Is­lamist threat ‘evolv­ing’

Lesotho Times - - International -

WASH­ING­TON — Euro­pean se­cu­rity of­fi­cials are scram­bling to meet a chang­ing and more com­plex threat from ji­hadists — both from sleeper cells and fight­ers re­turn­ing from Mid­dle East­ern bat­tle­grounds — made clear in the deadly Paris at­tacks.

Euro­pean po­lice agency chief Rob Wain­wright said the se­cu­rity land­scape is “more dif­fi­cult, more chal­leng­ing” than at any time since the 11 Septem­ber 2001 at­tacks.

It is an ex­tremely dan­ger­ous time, stressed Bri­tish Prime Min­is­ter David Cameron, as he spoke of a “se­vere” threat in which an at­tack is “highly likely”.

The three days of vi­o­lence that left 17 dead in Paris, France last week –– start­ing when gun­men stormed into the of­fices of satir­i­cal news­pa­per Char­lie Hebdo 7 Jan­uary — have left the world reel­ing, with ques­tions raised about how the per­pe­tra­tors slipped through the cracks.

Hu­man rights and free­doms Some in Europe have called for tighter bor­der con­trols and stricter im­mi­gra­tion mea­sures.

French far-right leader Ma­rine Le Pen went fur­ther, call­ing for strip­ping “ji­hadists” of their French cit­i­zen­ship and urg­ing Paris to de­nounce the at­tack­ers as “Is­lamists”.

“Let us call things by their right­ful names, since the French gov­ern­ment seems re­luc­tant to do so,” she wrote in a New York Times op-ed.

“France, land of hu­man rights and free­doms, was at­tacked on its own soil by a to­tal­i­tar­ian ide­ol­ogy: Is­lamic fun­da­men­tal­ism.”

Work­ing in­de­pen­dently? The two Char­lie Hebdo at­tack­ers, broth­ers Said and Cherif Kouachi, had ties to ji­hadist groups in Ye­men and Syria.

Cherif and a third gun­man, Am­edy Coulibaly, who killed four hostages at a Jewish su­per­mar­ket, had each spent time in jail where they were fur­ther rad­i­calised.

But the three men had not been ac­tive in ji­hadist cir­cles for nearly a decade be­fore the Paris at­tacks, so po­lice fo­cused their at­ten­tion else­where, Europol chief Mr Wain­wright said.

The chal­lenge has shifted since al-qaeda’s hey­day under Osama Bin Laden, Mr Wain­wright stressed. Po­lice are see­ing “a lot of in­de­pen­dent or semi-in­de­pen­dent peo­ple” who have been rad­i­cal­ized through the In­ter­net or through ex­pe­ri­ence fight­ing in Syria and Iraq, he told ABC’S “This Week” in an in­ter­view that aired Sun­day.

“Of course, that makes it much more dan­ger­ous. That’s the chal­lenge the po­lice face,” he said.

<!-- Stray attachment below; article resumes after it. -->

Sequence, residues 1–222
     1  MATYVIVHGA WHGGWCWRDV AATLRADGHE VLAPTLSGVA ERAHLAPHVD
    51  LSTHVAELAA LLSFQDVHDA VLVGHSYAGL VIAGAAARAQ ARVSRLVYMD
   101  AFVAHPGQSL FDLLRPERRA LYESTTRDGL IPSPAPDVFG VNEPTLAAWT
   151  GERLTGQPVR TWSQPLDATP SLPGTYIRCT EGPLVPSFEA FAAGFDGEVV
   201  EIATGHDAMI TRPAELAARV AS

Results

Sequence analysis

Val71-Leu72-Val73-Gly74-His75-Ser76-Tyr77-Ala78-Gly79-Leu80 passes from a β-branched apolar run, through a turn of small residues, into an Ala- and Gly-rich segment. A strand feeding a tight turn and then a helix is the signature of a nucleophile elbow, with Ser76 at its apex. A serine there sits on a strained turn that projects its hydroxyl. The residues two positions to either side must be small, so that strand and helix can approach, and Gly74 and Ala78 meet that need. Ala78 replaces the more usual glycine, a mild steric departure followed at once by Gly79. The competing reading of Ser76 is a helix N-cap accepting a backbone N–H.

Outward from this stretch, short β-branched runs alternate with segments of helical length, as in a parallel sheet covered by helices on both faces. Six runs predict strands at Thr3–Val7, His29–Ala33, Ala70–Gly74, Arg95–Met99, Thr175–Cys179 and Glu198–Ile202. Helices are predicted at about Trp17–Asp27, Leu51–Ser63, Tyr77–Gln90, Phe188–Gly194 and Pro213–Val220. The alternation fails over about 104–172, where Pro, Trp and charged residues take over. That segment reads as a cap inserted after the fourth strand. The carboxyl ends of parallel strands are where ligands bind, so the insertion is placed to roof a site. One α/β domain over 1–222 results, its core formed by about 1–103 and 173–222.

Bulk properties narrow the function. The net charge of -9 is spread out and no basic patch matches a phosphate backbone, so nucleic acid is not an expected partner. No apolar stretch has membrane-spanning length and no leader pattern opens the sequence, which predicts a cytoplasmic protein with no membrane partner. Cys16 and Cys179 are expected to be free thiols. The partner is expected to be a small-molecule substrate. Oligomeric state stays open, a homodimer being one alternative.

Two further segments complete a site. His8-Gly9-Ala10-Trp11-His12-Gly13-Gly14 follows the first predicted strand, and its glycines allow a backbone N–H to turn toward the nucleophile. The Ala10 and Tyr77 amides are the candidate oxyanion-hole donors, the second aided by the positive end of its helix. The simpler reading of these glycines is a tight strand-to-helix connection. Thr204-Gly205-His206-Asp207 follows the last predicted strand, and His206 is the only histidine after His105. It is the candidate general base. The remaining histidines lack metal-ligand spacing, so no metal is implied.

“It’s much looser than we have seen be­fore. It’s not the same as in the days of 9/11, when we had an iden­ti­fi­able com­mand and con­trol struc­ture.”

US Sen­a­tor Richard Burr said the Paris as­sault means au­thor­i­ties should re-eval­u­ate how they mon­i­tor pos­si­ble threats.

“Ev­ery coun­try in the world today is prob­a­bly look­ing back at the poli­cies that they’ve got on sur­veil­lance for known fight­ers,” the Repub­li­can law­maker told CNN’S “State of the Union”.

‘Per­se­ver­ance’ But Mr Cameron spoke of a “very long” strug­gle against ex­trem­ists.

“We’ll have to show real per­se­ver­ance,” he said in an in­ter­view with CBS “Face the Na­tion” taped on Fri­day af­ter his meet­ing with US Pres­i­dent Barack Obama.

And the fight goes beyond just po­lice and mil­i­tary action.

“We’ve also got to demon­strate that our val­ues, that the things we stand for and care about in our so­ci­eties — of democ­racy and free speech and rights and the abil­ity to have peace­ful and pro­gres­sive so­ci­eties –– that those things are stronger” than the ex­trem­ists’ “poi­sonous death cult nar­ra­tive,” Mr Cameron said.

“We can­not do this on our own as Western coun­tries. We need func­tion­ing gov­ern­ment in Iraq, func­tion­ing gov­ern­ment in Syria, to be the le­git­i­mate au­thor­i­ties that with us, help to stand back this per­ver­sion of the Is­lamic re­li­gion.

“I think in a free so­ci­ety, there is a right to cause of­fense about some­one’s re­li­gion,” Cameron added.

He noted that as a Chris­tian, he might be of­fended by some­body’s re­marks about Je­sus, “but in a free so­ci­ety I don’t have a right to wreak my vengeance upon them.”

Char­lie Hebdo’s new edi­tor-in­chief, mean­while, de­fended the car­i­ca­tures in an in­ter­view with NBC’S “Meet the Press.”

“Ev­ery time we draw a car­toon of Mo­hammed, ev­ery time we draw a car­toon of prophets, ev­ery time we draw a car­toon of God, we de­fend free­dom of re­li­gion,” Ger­ard Biard said.

“If God be­comes en­tan­gled in pol­i­tics, then democ­racy is in dan­ger.”


CHECHEN Mus­lims protest in the cap­i­tal of Grozny on Mon­day against the French satir­i­cal mag­a­zine killed by gun­men early this month.

where 12 peo­ple were

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